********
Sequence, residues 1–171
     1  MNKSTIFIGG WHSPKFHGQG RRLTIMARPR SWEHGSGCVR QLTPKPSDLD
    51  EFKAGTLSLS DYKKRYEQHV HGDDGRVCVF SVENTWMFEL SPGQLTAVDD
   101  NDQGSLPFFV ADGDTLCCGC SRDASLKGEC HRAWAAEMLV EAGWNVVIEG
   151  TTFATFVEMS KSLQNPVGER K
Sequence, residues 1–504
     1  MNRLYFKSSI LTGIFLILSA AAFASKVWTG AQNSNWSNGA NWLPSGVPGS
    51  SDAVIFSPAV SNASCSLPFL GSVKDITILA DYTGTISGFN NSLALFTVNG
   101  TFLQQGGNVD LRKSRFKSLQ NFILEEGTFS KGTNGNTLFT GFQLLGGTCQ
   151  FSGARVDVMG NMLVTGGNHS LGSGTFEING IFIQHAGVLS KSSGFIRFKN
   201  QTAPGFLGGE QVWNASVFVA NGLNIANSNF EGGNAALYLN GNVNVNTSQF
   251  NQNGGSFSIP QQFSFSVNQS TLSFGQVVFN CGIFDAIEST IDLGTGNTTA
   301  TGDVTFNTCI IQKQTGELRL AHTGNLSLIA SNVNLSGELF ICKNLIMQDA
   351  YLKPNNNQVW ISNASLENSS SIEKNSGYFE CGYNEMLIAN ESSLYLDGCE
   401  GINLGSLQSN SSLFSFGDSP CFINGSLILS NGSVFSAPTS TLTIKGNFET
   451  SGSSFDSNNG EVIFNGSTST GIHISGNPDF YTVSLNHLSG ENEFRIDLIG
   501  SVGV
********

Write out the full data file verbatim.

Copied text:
Sequence, residues 1–171
     1  MNKSTIFIGG WHSPKFHGQG RRLTIMARPR SWEHGSGCVR QLTPKPSDLD
    51  EFKAGTLSLS DYKKRYEQHV HGDDGRVCVF SVENTWMFEL SPGQLTAVDD
   101  NDQGSLPFFV ADGDTLCCGC SRDASLKGEC HRAWAAEMLV EAGWNVVIEG
   151  TTFATFVEMS KSLQNPVGER K
Sequence, residues 1–504
     1  MNRLYFKSSI LTGIFLILSA AAFASKVWTG AQNSNWSNGA NWLPSGVPGS
    51  SDAVIFSPAV SNASCSLPFL GSVKDITILA DYTGTISGFN NSLALFTVNG
   101  TFLQQGGNVD LRKSRFKSLQ NFILEEGTFS KGTNGNTLFT GFQLLGGTCQ
   151  FSGARVDVMG NMLVTGGNHS LGSGTFEING IFIQHAGVLS KSSGFIRFKN
   201  QTAPGFLGGE QVWNASVFVA NGLNIANSNF EGGNAALYLN GNVNVNTSQF
   251  NQNGGSFSIP QQFSFSVNQS TLSFGQVVFN CGIFDAIEST IDLGTGNTTA
   301  TGDVTFNTCI IQKQTGELRL AHTGNLSLIA SNVNLSGELF ICKNLIMQDA
   351  YLKPNNNQVW ISNASLENSS SIEKNSGYFE CGYNEMLIAN ESSLYLDGCE
   401  GINLGSLQSN SSLFSFGDSP CFINGSLILS NGSVFSAPTS TLTIKGNFET
   451  SGSSFDSNNG EVIFNGSTST GIHISGNPDF YTVSLNHLSG ENEFRIDLIG
   501  SVGV